28 February 2013

Spencer Wells, PhD and Professor Henry Louis Gates, Jr., PhD to Speak at Conference in Burbank, CA


It’s rare that a new type of event is introduced to the genealogical community. The Southern California Genealogical Society and the International Society of Genetic Genealogy are proud to announce such an event.

Family History and DNA: Genetic Genealogy in 2013” is a one-day conference designed to fully explore the application of genetic genealogy in researching family history. It will be held Thursday, June 6, 2013, at the Los Angeles Marriott Burbank Airport, Burbank, California. Registrations are open now and an early-bird registration discount is in place through April 30.

“We are so excited that this new conference will break new ground in genetic genealogy gatherings,” said SCGS president Alice Fairhurst, who helped to found the society’s DNA interest group and has been actively applying DNA in her own genealogy research. “Family History and DNA” differs from other DNA events in several ways.

First, speakers are among the most highly respected and knowledgeable professionals in the DNA and genetic genealogy universe.

The opening session will be conducted by Spencer Wells, PhD, an Explorer-in-Residence with the National Geographic Society. He leads The Genographic Project, which is collecting and analyzing hundreds of thousands of DNA samples from people around the world. Dr. Wells’ presentation is “The Genographic Project and the Rise of Citizen Science.”

Genetics has revolutionized our understanding of human history. Advances in genetic technology have allowed ever deeper insights into the human story. Now whole-genome sequences and large-scale arrays of genetic markers are providing a richer view of our shared past, revealing details that remained hidden using other genetic tools. Since 2005, the Genographic Project has used the latest genetic technology to expand our knowledge of the human story, and its pioneering use of DNA testing to engage and involve the public in the research effort has helped to create a new breed of "citizen scientist." Geno 2.0 expands the scope for citizen science, harnessing the power of the crowd to discover new details of human population history.
 
The luncheon speaker will be Professor Henry Louis Gates, Jr., PhD, director of the W.E.B. Du Bois Institute for African and African American Research at Harvard University. Dr. Gates is an American literary critic, educator, scholar, writer and film maker. His programs for PBS, including Finding Your Roots, African American Lives, Faces of America and Oprah’s Roots, explored family histories of a number of individuals through the use of DNA. (Please note that the luncheon requires an additional fee of $20 for paid registrants of the Thursday DNA conference, and $60 for spouses or guests of those registrants.)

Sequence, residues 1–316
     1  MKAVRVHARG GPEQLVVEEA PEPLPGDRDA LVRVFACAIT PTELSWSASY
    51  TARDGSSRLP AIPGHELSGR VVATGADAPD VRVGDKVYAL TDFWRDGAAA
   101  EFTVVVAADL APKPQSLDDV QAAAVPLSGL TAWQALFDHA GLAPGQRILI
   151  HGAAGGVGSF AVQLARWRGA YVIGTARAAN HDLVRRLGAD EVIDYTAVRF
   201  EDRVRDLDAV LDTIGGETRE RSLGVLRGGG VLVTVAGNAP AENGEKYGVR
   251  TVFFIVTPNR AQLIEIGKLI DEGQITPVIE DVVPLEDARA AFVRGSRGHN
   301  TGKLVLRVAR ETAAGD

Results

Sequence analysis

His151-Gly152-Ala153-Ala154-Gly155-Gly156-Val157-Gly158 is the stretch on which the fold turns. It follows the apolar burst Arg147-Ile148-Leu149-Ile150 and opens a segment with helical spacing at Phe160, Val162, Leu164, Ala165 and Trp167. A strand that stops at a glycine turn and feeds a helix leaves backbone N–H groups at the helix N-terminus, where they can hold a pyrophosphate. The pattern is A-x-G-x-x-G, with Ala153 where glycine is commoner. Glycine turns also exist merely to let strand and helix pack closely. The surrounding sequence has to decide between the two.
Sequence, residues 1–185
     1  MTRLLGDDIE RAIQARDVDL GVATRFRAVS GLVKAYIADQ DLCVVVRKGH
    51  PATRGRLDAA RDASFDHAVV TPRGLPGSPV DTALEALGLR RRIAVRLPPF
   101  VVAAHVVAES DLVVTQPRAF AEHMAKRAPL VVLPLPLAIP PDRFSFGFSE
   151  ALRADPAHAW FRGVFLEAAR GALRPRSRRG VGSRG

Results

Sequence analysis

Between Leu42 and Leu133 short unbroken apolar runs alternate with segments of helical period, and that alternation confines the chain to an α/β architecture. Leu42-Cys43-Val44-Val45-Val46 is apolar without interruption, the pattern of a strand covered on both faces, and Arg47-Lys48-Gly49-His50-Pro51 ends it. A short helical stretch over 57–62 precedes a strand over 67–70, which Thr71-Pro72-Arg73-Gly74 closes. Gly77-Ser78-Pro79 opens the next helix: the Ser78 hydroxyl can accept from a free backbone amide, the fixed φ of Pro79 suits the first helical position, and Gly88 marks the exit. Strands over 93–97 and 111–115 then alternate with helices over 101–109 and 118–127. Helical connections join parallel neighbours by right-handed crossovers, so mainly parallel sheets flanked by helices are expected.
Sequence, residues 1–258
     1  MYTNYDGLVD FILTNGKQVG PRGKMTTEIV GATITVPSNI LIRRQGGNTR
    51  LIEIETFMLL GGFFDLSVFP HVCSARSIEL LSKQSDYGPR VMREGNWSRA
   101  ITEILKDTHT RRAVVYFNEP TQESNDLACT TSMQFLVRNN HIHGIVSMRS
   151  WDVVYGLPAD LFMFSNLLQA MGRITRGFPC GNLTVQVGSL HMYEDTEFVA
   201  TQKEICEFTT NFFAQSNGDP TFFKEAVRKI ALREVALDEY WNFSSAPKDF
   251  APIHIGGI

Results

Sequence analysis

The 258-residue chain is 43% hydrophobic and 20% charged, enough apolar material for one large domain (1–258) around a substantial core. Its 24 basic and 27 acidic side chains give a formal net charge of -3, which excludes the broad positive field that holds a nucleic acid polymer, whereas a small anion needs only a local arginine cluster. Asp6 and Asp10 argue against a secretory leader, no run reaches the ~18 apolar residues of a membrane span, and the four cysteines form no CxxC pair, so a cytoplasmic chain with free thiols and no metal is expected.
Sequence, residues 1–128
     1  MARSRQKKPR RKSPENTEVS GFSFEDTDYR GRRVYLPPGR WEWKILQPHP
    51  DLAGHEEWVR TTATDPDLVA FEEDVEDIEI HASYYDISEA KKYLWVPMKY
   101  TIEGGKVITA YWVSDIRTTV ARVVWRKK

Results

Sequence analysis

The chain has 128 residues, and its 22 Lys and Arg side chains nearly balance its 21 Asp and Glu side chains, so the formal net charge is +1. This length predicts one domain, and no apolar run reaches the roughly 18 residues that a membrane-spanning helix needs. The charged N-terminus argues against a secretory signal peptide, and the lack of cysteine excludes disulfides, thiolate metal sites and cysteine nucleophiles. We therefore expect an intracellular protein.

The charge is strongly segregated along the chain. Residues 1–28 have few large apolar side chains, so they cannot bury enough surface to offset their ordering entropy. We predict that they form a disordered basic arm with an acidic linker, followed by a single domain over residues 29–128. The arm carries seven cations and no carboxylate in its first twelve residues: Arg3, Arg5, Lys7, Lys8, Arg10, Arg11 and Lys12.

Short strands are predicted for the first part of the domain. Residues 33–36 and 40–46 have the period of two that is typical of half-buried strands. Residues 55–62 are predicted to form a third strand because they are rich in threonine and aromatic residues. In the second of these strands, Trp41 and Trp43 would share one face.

Other speakers include Judy G. Russell, JD, CG; Richard Hill; Emily D. Aulicino; Katherine Hope Borges; CeCe Moore; Tim Janzen, MD; Blaine Bettinger, JD; and Debbie Parker Wayne, CG. We are grateful for the enthusiastic support show by all our speakers, especially Dr. Well and Dr. Gates, through their participation in this conference.

Second, “Family History and DNA: Genetic Genealogy in 2013” is produced by independent groups, not for-profit DNA organizations. The Southern California Genealogical Society (SCGS) and the International Society of Genetic Genealogy (ISOGG) have joined forces to offer this inaugural DNA event. While it is independent of financial support by any of the commercial DNA companies, the event will provide equal access to Family Tree DNA, 23andMe, and AncestryDNA. 

CeCe Moore, speaker, conference co-chair and Southern California Regional Coordinator for ISOGG explained, “I've dreamed of a genetic genealogy conference sponsored by ISOGG for a long time, and I am thrilled to be working in cooperation with SCGS on this inaugural event. Holding the conference in conjunction with the Genealogy Jamboree helps us reach many family historians who would otherwise not be able to attend.”

Finally, the event’s three session tracks are organized by the level of experience using genetic genealogy, and not based on the attendee’s knowledge of family history. Sessions include beginner basics, use of DNA in finding adoptee families, famous DNA, autosomal DNA, mitochondrial DNA, analyzing results and other topics. The final hour of the day will be a resource hour, with small-group discussions and supplier assistance.

Complete information about “Family History and DNA: Genetic Genealogy in 2013” and the Southern California Genealogical Society’s 44th Annual Southern California Genealogy Jamboree can be found on the Jamboree website, http://www.genealogyjamboree.com.

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The Southern California Genealogical Society is located in Burbank, California. It sponsors the annual Southern California Genealogy Jamboree, which will be held June 7 through 9, 2013, at the Los Angeles Marriott Burbank, Burbank, California. The pre-event is the inaugural “Family History and DNA: Genetic Genealogy in 2013” conference.




1 comment:

Reggie said...

Most African Americans got "0% Native American" and "0% East Asian" on the old Ancestrybbydna 2.5 test (Not to be confused with Ancestry.com's Ancestrydna). Now, African Americans get "1%" or at most "2% Native American /Asian" on the later admixture tests. Henry Louis Gates has said for years "only 5% of African Americans have any significant Native American ancestry".Just about everyone swears that the "1%" or "2% Native American/Asian" is significant Native American ancestry even though Henry Louis Gates says "the average slave didn't even see a Native American" I don't know what to believe it's really confusing.